Paramahamsaji promised that this would not be an ordinary event, and it was not. He gave away many beautiful sarees to the women of Rikhia for the wedding of Sita and Rama. He also gave away over 600 hundred 'good luck kits' to young women who had been promised in marriage. Face after face of each young bride was filled with a sense of thanks and joy. These are not wealthy women but some of the poorest in the area. He spoke of the need to and value of maintaining the cultural and traditional spiritual values of the Indian people. This is the true wealth of a society and one which makes it a strong society and not a weak one. Who else would give away 250 to 300 million rupees worth of marriage gifts and essentials without caring for reward or favour in return?
There were so many people to feed, every day thousands to take care of, with the leftovers taken to surrounding villages as prasad at night. The swamis who delivered it often did not return till after midnight as they were often asked to stay for chai and kirtan by the people. Not much sleep for an Akhara swami!
Swami Niranjanji was on duty as disciple and as master of ceremonies. To see him always at Paramahamsaji's side, always available, always ready, always on the ball, was an inspiration in both duty and seva. Many nights he was up till past midnight completing tasks, planning for tomorrow, and then up again before dawn as usual to coordinate and oversee the next day.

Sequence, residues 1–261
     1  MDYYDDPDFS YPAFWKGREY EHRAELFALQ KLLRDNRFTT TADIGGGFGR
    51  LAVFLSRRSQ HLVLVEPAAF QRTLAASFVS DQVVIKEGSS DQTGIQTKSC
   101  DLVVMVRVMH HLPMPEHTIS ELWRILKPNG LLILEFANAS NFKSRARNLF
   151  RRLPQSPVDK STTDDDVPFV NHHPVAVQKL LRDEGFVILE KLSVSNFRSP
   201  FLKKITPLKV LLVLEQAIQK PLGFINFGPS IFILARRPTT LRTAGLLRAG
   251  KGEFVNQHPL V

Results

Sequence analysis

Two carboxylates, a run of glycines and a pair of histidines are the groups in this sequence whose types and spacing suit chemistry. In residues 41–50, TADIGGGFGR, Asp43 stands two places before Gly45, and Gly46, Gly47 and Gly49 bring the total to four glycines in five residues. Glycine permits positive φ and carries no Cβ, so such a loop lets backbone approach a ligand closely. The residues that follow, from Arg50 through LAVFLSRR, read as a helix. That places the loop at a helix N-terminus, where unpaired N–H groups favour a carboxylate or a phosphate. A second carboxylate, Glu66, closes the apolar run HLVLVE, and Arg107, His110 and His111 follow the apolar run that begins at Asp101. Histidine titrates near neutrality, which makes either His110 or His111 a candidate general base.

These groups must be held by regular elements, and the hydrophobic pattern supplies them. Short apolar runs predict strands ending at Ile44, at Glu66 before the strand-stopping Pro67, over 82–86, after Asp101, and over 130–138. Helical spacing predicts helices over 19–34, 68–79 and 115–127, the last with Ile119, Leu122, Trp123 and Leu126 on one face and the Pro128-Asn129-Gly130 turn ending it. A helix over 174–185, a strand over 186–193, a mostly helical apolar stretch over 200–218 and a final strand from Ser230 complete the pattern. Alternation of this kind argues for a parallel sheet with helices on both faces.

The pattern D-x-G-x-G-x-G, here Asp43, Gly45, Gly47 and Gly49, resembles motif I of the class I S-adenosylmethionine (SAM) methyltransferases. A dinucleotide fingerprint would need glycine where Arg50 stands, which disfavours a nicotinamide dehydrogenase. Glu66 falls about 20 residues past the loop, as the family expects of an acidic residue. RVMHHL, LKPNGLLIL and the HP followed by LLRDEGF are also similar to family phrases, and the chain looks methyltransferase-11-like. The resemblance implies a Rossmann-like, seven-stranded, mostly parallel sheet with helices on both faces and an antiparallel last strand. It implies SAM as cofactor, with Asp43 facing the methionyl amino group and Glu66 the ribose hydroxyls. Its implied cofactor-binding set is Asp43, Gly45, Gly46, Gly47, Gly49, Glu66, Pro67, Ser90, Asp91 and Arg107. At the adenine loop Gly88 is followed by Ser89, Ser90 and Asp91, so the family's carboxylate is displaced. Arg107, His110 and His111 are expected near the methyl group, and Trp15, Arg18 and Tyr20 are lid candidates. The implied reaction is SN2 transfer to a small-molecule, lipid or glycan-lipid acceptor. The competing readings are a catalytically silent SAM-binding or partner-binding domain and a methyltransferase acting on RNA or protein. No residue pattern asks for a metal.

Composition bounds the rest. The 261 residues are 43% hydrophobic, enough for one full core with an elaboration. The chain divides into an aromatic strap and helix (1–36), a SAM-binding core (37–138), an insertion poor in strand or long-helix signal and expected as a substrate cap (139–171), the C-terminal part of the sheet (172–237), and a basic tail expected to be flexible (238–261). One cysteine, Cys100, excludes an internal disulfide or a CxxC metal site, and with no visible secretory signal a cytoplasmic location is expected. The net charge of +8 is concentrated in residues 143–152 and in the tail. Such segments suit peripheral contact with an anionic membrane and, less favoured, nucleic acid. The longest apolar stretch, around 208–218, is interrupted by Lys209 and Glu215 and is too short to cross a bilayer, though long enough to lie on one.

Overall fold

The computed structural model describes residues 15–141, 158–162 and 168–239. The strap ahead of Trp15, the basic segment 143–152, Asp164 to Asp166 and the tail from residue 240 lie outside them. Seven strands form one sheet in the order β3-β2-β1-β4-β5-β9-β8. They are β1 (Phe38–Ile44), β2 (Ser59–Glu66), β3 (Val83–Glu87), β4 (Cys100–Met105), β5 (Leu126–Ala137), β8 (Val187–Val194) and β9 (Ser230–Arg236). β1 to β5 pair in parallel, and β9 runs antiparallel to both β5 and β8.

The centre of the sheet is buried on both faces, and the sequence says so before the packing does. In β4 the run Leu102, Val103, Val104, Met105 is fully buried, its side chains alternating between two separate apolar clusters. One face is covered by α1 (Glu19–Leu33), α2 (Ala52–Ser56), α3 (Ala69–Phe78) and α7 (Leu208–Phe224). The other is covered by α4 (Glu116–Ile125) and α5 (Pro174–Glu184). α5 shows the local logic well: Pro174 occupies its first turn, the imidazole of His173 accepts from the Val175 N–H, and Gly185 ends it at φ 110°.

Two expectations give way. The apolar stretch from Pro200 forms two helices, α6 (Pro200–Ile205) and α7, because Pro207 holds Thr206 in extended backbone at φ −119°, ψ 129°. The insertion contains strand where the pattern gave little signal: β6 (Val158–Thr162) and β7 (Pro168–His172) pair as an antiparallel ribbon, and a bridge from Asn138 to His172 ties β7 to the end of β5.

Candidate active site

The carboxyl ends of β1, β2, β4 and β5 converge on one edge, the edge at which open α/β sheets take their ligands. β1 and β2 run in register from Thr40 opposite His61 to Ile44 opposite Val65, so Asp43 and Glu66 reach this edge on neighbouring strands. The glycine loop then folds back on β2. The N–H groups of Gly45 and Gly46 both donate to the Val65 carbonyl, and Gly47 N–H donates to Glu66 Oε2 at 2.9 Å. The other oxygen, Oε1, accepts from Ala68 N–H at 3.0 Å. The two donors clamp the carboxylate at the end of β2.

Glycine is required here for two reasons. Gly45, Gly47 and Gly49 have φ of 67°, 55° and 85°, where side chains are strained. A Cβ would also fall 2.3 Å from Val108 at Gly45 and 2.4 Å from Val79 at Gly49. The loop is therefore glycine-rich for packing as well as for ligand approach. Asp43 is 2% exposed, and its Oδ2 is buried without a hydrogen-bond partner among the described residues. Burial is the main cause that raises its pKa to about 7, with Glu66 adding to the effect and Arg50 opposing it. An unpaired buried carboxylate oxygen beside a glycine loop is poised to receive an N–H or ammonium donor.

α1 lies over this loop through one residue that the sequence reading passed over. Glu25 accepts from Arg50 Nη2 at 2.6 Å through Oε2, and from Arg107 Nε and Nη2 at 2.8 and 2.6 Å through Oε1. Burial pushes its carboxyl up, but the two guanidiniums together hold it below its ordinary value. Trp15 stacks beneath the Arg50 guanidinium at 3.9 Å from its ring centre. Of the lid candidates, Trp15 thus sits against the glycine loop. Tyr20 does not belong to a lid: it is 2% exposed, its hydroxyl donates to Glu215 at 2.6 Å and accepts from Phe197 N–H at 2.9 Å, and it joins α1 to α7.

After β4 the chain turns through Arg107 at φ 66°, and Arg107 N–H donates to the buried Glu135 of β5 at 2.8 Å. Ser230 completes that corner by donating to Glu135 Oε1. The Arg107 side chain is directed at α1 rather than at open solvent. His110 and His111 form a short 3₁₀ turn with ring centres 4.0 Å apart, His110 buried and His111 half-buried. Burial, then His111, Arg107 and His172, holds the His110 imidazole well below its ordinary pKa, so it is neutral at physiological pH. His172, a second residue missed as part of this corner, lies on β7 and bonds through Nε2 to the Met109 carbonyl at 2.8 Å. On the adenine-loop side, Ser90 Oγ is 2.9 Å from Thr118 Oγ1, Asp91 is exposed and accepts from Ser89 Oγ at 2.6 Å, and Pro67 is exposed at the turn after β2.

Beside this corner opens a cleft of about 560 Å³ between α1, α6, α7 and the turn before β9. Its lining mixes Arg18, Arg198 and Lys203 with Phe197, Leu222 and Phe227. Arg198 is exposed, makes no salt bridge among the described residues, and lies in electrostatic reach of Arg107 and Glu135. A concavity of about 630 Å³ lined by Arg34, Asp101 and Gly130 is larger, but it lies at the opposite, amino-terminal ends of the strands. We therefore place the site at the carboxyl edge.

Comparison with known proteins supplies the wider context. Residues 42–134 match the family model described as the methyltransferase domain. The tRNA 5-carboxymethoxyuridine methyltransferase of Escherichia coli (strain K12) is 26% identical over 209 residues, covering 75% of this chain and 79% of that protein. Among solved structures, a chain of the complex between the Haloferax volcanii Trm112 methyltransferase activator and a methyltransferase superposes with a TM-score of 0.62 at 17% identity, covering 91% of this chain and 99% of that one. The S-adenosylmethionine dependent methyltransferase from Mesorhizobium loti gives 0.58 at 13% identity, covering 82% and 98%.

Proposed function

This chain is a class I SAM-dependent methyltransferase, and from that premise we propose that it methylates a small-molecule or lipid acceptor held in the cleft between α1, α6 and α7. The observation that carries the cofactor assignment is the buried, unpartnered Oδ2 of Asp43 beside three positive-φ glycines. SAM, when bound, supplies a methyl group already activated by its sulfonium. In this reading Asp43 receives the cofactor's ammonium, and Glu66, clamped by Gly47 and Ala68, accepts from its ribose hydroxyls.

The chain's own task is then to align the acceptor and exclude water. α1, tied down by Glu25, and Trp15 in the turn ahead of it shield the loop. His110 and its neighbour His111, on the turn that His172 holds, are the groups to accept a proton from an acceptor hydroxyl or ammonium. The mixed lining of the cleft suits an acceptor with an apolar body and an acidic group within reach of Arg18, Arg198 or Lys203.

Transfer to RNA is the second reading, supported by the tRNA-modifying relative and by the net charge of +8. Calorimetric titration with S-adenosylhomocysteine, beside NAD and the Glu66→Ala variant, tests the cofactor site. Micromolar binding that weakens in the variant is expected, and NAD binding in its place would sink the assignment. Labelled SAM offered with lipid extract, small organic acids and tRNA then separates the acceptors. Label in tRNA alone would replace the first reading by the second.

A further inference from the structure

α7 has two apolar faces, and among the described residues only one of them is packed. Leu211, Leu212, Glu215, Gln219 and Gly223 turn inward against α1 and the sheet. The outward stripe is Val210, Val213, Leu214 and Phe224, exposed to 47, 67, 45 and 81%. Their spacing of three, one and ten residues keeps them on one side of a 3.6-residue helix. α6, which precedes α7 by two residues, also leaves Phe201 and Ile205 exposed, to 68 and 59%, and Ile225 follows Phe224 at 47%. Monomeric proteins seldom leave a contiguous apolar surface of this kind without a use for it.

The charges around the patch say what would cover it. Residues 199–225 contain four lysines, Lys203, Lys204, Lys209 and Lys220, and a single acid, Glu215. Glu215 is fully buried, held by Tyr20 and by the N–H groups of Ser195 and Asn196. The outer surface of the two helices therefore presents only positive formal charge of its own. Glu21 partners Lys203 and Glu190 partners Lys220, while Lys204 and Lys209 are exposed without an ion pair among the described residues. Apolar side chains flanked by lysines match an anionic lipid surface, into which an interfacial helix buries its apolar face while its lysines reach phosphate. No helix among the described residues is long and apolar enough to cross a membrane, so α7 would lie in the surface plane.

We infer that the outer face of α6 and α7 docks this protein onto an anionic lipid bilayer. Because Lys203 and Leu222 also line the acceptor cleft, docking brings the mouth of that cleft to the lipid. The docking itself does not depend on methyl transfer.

Also given away were many rickshaws, thelas (hand carts), sewing machines, sewing kits, woodworking and other tools for roadworks and farming, bicycles, cooking pots, clothes, toys, medicines and much more. What moved my heart the most was the sight of seven specially designed tricycles for people with no legs or lack of use of legs. Some were carried from their sliding mats and hand pads or from crutches to ride away in their own hand-cranked brand new tricycle. Paramahamsaji promised to order a thousand more so that no disabled man, woman or child in his area would be without transport which is so vital in being able to gain useful employment.
This was true seva, true bhakti, and this was no ordinary event!
Oh, and by the way, Sita and Rama finally did get married amidst much singing, and dancing, witnessed by at least five to six thousand enthusiastic and supportive people on the walls, in the trees and in every available space of ground. I hope they received as much value as I did in seeing all the work behind the scenes that made the whole event what is was magical and moving.